The painting was made by Anna Bilińska-Bohdanowicz, in 1884 when the artist was twenty-seven years old and a student at the Parisian Académie Julian. The painting presents a half-naked, dark-skinned model personifying an exotic cannon of beauty, strength and womanliness. Curators from the National Museum describe the work as a magical, mysterious look of the dark eyes, and lips, which aren’t animated by a smile, express astonishment and estrangement.
The Negress by Anna Bilińska-Bohdanowicz, 1884, oil on canvas, 64 x 50 cm, photo National Museum in Warsaw
After a seventy-years absence the 19th-century painting has been returned to the National Museum in Warsaw.
The painting, a realistic portrait study of a non-Caucasian female typical for painting at the end of the 19th century was stolen during World War II.
The painting was made by Anna Bilińska-Bohdanowicz in 1884 when the artist was twenty-seven years old and a student at the Parisian Académie Julian. The painting presents a half-naked, dark-skinned model personifying an exotic cannon of beauty, strength and womanliness. Curators from the National Museum describe the work as a magical, mysterious look of the dark eyes, and lips, which aren’t animated by a smile, express astonishment and estrangement. The unrestrained body of the model is shown on a background of a yellow wall of a studio. This corresponds to the reflections of light from the luxuriant golden jewellery. The sophisticated colour scheme, a mastery in portraying the textures of fabrics and an academic finish give this portrait study an exquisite character.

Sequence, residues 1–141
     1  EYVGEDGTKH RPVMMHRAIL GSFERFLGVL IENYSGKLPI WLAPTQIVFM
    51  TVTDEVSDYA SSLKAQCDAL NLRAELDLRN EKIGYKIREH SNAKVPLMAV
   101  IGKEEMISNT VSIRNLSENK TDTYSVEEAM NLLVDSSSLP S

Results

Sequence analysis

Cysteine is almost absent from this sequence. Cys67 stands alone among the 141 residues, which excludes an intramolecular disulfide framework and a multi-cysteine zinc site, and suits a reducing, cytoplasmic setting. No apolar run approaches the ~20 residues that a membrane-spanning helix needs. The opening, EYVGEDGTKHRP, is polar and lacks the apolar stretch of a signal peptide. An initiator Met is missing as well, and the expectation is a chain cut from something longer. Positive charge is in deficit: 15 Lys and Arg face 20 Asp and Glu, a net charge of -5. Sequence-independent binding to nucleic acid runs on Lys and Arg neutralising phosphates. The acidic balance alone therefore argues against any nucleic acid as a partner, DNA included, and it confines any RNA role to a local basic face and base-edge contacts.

In a commentary published in the Gazeta Wyborcza daily Dorota Jarecka pointed out to another area of the painting’s colonial connection, an aspect that had been previously overlooked. Jarecka writes that in the painting she sees
a woman, maybe even a girl, very young and frightened, above all humiliated, with an uncovered breast, dressed in clothes resembling the attire of ancient slaves.